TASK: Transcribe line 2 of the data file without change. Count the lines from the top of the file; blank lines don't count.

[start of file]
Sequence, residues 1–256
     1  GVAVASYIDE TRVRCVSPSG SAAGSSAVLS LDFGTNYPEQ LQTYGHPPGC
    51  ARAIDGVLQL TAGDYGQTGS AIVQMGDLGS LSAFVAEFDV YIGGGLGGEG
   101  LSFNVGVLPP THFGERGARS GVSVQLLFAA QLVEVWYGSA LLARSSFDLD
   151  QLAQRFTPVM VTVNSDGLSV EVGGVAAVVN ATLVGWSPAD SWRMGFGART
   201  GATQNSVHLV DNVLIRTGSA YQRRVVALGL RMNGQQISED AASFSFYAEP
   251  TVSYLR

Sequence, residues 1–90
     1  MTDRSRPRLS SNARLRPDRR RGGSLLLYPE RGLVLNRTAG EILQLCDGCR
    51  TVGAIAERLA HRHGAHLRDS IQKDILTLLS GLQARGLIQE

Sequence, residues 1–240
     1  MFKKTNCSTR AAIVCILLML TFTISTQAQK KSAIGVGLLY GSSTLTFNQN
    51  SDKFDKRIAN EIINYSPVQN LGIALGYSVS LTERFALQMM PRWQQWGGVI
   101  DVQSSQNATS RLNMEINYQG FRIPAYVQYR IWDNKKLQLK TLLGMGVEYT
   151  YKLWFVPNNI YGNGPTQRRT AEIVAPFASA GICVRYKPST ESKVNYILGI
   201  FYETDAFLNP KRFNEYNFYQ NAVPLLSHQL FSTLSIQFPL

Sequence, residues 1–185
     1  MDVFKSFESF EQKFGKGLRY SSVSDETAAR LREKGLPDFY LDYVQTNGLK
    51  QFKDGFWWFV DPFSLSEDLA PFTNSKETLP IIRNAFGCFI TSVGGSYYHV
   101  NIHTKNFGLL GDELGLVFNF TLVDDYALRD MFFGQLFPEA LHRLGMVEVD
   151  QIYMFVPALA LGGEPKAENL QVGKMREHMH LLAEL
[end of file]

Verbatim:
     1  GVAVASYIDE TRVRCVSPSG SAAGSSAVLS LDFGTNYPEQ LQTYGHPPGC